Cycling & Your Family: Advice On How To Go On A Bike Tour With Kids

Family and cycling

Trips with the family are hard. Even the most mundane trip to Disneyland or the county park is full of planning.

Kids can be a pain, spouses and partners can be hard to deal with if it isn't their cup of tea.

If you're lucky, you have one of the two groups on your side. If the stars are aligned and have a four leaf clover, you have both willing to work with your trip ideas.

One of the hardest trips to plan and execute is a family bike tour.

Depending on the age of your kids, you may have to ride with them along with everything you need for a long trip. If your children are older than 14, they can most likely keep up with you even with a bit of complaining. Kids usually prefer riding BMX instead of regular bikes so keep that in mind.

This brief guide will give you the main details you need to make your dream bike trip a success.

Family Tours Vs. A Personal Tours

I've taken quite a few bike tours by myself, with a friend and with my family. Each has their bits of satisfaction, stress, and difficulty. A personal bike tour gives you the freedom to go at your pace. A family trip makes you be the shepherd to your cycling sheep by setting a reasonable pace if your kids are riding separately.

Family tours require more awareness.

  • You have to consider the visual stimulation aspect of the trip.
  • You have to plan for every individual member's rest and food as a group.
  • You have to make the stops count and plan for their ability to last based on age and experience.
  • Lastly, you have to consider safety and make sure those that will be responsible for their safety know what they need to know about biking, whether on the road or off.
Bike tour with family.

The Importance of Visual Stimulation

You should make sure your intended trip has plenty to look at. Whether it’s beautiful natural sights the entire way or just road, it’s hard for younger riders to stay motivated throughout heat, cold, or bugs if they don’t have something to keep them engaged.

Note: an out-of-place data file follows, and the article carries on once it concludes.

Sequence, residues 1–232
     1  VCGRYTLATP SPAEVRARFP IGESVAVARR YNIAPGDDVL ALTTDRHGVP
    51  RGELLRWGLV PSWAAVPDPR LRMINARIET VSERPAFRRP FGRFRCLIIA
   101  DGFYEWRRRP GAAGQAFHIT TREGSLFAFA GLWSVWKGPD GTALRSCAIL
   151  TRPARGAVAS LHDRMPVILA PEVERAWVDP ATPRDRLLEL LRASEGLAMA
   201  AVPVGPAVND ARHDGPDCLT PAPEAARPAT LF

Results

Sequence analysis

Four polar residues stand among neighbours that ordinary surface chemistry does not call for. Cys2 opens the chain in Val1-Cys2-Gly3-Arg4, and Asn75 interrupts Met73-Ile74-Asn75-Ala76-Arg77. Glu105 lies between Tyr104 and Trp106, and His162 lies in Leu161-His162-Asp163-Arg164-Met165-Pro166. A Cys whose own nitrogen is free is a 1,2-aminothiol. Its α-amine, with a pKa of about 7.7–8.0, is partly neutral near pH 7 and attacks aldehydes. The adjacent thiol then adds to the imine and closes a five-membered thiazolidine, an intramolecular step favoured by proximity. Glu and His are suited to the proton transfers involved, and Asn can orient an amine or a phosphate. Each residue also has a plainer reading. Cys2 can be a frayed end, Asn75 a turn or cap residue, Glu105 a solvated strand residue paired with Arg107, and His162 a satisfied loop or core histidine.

Rest & Food

You have to make sure you are prepared to keep everyone well fed and in good shape. Nothing ruins a trip like having to end it because of an injury or from lack of nutrition and rest.

Make sure that every member of the group is feeling well. You will be responsible for making sure your kids are in tip-top shape throughout. Any lapse can lead to more headaches than you can imagine.

Plan For Their Age & Make The Stops Count

The stops should highlight portions of your trip trajectory that will break up the riding itself. Think of it as mini rewards for the group. It should be things such as tasty restaurants, interesting museums (no lard museums), and other places.

Consider Safety & Educate Your Children

Even if it seems obvious, take the time to educate your kids on proper riding formations, rules, and safety tips. Make sure they have all of the safety equipment they would need and be sure to bring a first aid kit.

Conclusion

As always, taking the time to plan your trips with your family in mind thoroughly can help minimize the difficulty, and maximize enjoyment.

If you incorporate the tips listed in this article into your planning and execution process, you'll be sure to make one of a kind memories with your family.

Happy family cycling

This post was last updated on September 21st, 2018 at 02:38 pm

About the Author Max Shumpert

Over the last few years, I’ve taken my love of the outdoors, hiking, skiing, trekking and exploring to the next level by starting this site. I started a bike shop in Denver, CO, and have seen amazing growth over the last few years. Getting paid to do what I love has been a dream come true for me. That’s also what led me to start BikesReviewed.com. In my shop, I spend a large amount of time helping people find the perfect bike for them and the style of biking they’re going to be doing. It only made sense that I expanded my reach and got online, making it possible for me to help people all over the world. If biking and staying fit is your priority, too, you’ve come to the right place.

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